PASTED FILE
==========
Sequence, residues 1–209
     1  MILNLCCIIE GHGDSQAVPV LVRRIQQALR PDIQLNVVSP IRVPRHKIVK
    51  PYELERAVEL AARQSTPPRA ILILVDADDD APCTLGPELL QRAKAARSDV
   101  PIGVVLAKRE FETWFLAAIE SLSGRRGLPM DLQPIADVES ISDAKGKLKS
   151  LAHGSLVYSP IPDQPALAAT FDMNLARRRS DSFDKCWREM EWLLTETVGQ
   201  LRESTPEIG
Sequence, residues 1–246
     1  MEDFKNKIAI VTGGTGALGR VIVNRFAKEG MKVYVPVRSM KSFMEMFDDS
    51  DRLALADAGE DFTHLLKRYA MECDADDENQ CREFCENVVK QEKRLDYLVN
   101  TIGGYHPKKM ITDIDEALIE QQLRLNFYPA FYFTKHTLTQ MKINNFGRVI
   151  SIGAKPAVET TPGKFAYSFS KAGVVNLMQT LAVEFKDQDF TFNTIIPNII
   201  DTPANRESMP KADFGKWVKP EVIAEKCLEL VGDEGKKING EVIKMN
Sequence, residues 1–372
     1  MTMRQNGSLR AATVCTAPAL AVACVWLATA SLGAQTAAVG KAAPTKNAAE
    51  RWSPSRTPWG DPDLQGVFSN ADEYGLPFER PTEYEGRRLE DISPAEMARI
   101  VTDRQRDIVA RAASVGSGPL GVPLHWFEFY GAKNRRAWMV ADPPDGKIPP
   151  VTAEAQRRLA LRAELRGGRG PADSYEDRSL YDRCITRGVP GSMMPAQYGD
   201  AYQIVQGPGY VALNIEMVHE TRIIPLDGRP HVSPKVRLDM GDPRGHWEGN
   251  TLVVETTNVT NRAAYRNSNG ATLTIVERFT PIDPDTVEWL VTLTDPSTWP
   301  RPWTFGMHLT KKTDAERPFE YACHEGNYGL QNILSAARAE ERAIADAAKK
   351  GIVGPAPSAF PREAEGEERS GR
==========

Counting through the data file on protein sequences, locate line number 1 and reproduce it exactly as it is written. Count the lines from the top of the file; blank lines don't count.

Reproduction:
Sequence, residues 1–209